“When we meaningfully invest resources to create healthy and resilient green spaces, especially where they are needed most, we show our dedication to achieving tree equity. That’s why my career is centered on planting more trees in cities,” added Anderson.
In each of the targeted cities, the Tazo Tree Corps member groups are organized as support services that help trainees overcome barriers to full time work, including childcare and transportation.
“By launching the Tazo Tree Corps in five cities, Tazo Tea, Davey Tree Experts, and American Forests are dramatically expanding pathways to green job opportunities for BIPOC people,” Anderson explains. “This effort uniquely addresses economic, environmental and social justice in a way that can be market-sustained.”
American Forests is a legacy conservation organization launched in 1875, and the its leadership team indicates that there are some internal diversity hiring issues to resolve.
Nevertheless, in pivoting to the urban reforestation area, American Forests is also beginning to incorporate more diverse voices. Anderson describes how her own experiences led her to a career in urban forestry:
“The wonder and joy I felt as a girl playing in the woods near my home in New Jersey inspired my dream that everyone would experience the many benefits that trees provide. As I pursued this goal, I became aware that city trees are sparse in low-income communities, often home to People of Color, meaning the people living there are unjustly subjected to things like dirtier air and hotter days.”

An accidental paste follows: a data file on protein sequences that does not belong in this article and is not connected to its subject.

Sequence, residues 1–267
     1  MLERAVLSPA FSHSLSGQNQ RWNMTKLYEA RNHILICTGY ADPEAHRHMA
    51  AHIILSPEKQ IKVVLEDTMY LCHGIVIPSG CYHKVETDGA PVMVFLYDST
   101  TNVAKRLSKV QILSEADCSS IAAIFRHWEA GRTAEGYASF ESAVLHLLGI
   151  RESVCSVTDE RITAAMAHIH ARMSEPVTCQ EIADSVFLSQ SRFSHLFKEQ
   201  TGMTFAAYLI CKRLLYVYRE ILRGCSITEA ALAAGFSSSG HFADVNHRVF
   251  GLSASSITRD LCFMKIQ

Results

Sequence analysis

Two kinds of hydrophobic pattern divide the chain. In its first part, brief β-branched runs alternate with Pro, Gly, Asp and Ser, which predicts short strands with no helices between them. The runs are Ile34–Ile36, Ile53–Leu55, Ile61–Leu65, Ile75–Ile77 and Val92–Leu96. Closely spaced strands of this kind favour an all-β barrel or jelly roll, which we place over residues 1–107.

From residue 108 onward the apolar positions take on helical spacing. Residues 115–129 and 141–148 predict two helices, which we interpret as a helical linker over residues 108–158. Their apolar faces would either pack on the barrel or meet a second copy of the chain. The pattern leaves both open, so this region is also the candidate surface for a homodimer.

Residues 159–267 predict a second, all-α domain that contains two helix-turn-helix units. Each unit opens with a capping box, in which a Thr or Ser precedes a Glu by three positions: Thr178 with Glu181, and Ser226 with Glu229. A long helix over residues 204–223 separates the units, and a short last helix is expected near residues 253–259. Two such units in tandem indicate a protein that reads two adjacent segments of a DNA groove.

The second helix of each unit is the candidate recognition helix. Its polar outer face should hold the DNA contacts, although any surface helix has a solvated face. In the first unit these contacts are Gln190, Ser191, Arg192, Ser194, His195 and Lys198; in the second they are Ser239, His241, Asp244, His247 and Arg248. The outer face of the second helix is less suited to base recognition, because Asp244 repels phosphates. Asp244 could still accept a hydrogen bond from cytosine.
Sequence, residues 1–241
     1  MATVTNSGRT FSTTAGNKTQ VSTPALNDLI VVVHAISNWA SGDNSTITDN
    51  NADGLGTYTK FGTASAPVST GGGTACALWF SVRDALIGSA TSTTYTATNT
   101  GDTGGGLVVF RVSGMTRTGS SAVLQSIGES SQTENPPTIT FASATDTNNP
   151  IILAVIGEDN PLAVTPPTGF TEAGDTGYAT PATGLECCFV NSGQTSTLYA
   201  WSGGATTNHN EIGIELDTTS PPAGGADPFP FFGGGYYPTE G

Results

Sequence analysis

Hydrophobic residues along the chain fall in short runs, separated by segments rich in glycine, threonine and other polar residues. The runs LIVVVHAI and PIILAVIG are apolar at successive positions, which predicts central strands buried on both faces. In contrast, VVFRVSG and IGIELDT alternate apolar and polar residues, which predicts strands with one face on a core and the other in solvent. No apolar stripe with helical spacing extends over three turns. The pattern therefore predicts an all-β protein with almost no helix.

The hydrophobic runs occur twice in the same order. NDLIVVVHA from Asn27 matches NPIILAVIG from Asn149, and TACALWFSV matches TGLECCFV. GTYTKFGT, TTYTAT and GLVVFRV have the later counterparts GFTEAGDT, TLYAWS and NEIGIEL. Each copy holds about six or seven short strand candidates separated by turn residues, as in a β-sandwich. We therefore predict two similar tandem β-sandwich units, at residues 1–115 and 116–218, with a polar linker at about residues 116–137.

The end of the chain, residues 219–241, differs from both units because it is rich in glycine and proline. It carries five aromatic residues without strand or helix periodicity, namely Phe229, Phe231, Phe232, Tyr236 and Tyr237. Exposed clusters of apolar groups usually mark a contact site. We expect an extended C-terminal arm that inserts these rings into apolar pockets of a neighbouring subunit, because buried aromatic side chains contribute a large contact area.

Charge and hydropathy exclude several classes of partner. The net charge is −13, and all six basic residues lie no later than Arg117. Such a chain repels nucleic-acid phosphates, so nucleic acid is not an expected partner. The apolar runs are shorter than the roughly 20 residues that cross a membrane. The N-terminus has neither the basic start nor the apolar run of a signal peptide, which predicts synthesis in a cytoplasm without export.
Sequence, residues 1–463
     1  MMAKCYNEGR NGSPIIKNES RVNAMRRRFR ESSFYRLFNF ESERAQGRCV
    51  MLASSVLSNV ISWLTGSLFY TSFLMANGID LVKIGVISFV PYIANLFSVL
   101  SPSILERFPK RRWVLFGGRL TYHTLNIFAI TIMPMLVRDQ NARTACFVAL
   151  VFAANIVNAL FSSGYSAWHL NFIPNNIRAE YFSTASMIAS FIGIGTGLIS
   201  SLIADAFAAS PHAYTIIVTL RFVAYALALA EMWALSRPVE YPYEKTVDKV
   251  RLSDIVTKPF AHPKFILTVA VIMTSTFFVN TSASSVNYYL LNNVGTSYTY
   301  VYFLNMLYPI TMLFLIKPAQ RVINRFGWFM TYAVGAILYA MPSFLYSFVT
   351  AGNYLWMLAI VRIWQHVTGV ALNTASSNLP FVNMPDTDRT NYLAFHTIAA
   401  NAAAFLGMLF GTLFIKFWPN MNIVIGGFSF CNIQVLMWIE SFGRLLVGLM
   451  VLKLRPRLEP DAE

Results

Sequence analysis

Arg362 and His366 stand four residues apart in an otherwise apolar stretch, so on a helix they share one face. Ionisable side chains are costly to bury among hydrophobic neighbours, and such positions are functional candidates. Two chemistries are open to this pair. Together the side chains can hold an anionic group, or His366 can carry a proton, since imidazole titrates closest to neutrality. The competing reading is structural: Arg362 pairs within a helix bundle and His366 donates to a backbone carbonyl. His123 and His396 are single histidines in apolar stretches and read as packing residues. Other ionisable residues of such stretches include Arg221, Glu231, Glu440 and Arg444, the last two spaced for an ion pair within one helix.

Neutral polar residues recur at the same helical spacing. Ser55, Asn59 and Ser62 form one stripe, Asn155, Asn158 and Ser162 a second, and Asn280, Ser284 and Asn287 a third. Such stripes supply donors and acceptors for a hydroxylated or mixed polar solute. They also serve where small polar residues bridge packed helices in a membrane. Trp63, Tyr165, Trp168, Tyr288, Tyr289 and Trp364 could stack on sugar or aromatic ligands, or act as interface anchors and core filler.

Local business leaders have many reasons to support urban tree planting, over and above direct environmental benefits.
Anderson reeled off a laundry list of studies demonstrating that urban trees are linked to improved outcomes for community health, social cohesion, and even academic performance.
“Shoppers in business districts with robust tree canopy will spend 9 to 12 percent more for products, travel farther to these districts and spend more time there,” she noted.
Corporate leaders who seek to engage in the reforestation movement would do well to take a page from Tazo’s playbook and embrace a model that revolves around people as well as trees.
Cover image credit: Leon Kaye
Tina writes frequently for TriplePundit and other websites, with a focus on military, government and corporate sustainability, clean tech research and emerging energy technologies. She is a former Deputy Director of Public Affairs of the New York City Department of Environmental Protection, and author of books and articles on recycling and other conservation themes. She is currently Deputy Director of Public Information for the County of Union, New Jersey. Views expressed here are her own and do not necessarily reflect agency policy.